When it comes to nexus, Massachusetts may have found a way to have its cake and tax it too.
A recent directive from the Massachusetts Department of Revenue (DOR) may have serious sales tax implications for online sellers. In particular, you will likely have an obligation to collect and pay sales tax on sales in Massachusetts if you:
- License software to Massachusetts residents or companies
- Deposit small data files (i.e. cookies) on the computers or mobile devices belonging to Massachusetts residents or companies
- Utilize third party Content Distribution Networks, Online Marketplaces, or enhanced delivery providers based in Massachusetts
What’s in the Directive?
On April 3, 2017, the DOR issued Directive 17-1. The Directive’s intent is to explain when sales tax obligations apply to online sellers. However, it ends up creating a much looser standard for online sellers.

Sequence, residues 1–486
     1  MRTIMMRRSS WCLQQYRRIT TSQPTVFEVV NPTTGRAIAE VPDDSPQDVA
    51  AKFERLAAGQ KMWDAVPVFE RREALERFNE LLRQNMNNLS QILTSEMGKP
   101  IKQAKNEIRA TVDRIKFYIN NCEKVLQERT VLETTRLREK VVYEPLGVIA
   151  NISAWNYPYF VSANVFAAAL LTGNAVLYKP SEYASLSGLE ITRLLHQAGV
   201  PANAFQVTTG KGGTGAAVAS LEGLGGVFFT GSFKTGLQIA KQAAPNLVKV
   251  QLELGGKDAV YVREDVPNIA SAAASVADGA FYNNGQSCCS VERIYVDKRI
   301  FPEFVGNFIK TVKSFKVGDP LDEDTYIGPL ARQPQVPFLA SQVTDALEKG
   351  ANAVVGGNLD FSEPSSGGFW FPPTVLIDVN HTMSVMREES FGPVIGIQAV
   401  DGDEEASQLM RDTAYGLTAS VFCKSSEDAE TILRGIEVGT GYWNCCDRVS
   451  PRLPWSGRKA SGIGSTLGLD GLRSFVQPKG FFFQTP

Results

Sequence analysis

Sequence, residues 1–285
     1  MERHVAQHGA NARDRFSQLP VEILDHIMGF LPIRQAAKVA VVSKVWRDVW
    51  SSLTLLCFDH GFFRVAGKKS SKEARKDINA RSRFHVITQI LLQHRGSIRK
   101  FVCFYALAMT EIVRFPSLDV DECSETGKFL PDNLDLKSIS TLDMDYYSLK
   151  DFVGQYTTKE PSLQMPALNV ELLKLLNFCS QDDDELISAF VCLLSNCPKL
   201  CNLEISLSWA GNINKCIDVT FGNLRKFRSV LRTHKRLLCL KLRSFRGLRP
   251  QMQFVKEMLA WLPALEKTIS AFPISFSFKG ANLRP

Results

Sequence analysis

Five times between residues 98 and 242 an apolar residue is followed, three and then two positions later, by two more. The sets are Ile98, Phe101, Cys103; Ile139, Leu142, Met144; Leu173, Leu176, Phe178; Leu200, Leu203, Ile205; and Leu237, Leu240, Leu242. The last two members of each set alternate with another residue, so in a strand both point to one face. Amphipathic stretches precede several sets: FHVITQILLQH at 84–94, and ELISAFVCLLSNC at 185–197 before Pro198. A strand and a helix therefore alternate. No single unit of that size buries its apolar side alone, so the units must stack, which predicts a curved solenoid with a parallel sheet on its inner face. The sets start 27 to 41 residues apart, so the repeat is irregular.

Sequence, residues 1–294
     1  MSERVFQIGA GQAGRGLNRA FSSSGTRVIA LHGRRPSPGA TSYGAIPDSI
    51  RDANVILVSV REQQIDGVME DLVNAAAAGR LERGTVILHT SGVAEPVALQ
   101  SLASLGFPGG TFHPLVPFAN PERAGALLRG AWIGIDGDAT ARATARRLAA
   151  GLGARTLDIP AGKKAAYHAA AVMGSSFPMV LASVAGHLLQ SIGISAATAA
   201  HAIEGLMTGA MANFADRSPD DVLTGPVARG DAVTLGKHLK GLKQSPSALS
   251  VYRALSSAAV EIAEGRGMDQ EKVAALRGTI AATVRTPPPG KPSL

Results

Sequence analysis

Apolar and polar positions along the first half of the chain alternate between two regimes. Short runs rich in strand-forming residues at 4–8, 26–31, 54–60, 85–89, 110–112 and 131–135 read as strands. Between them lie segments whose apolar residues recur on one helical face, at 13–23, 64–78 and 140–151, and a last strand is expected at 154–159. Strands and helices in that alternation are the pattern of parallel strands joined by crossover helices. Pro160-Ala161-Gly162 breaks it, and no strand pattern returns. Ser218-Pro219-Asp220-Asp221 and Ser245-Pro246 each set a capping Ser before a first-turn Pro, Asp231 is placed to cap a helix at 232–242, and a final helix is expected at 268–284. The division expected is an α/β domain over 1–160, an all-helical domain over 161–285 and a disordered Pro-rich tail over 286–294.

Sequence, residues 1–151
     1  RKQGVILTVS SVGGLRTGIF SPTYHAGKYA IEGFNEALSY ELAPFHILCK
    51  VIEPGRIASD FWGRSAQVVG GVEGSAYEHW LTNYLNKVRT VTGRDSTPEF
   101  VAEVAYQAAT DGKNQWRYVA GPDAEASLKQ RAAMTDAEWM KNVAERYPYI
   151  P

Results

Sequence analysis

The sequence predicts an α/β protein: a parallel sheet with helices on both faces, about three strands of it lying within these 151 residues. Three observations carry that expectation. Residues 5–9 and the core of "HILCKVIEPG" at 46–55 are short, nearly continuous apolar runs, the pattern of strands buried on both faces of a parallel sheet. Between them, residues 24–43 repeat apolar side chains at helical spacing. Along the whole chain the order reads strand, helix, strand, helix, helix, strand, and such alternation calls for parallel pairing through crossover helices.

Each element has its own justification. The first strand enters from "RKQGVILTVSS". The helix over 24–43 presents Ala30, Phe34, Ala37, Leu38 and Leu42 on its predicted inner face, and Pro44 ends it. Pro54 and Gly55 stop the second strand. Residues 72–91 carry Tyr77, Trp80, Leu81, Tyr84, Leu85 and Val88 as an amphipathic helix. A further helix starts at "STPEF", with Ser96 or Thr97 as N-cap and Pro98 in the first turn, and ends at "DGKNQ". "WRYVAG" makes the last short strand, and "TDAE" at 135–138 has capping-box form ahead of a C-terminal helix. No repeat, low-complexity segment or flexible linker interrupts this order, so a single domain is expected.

Initially, the Directive states that online sellers will be required to register, collect, and remit sales tax to Massachusetts when they have sales of more than $500,000 or 100 or more transactions in the state per year. In this regard, the Directive resembles many other states’ attempts to expand the standard for when sales tax obligations arise (Alabama, South Dakota, Tennessee, Vermont, and Wyoming have all enacted similar rules).
The threshold of 100 or more transactions is in particular not very large, and one that many online sellers of all sizes could easily reach. Therefore, it is important for all online sellers to pay attention to these changes in sales tax policies.
But the Directive doesn’t stop with these thresholds. Instead it goes on to explain that, in fact, the activities online sellers utilize create a physical presence in the state. This physical presence, or “nexus,” then inherently establishes a sales tax obligation. Notably, the Directive asserts this novel view of nexus is valid under the current rules for establishing sales tax obligations and, while possibly bending the 1992 Quill ruling, does not break it.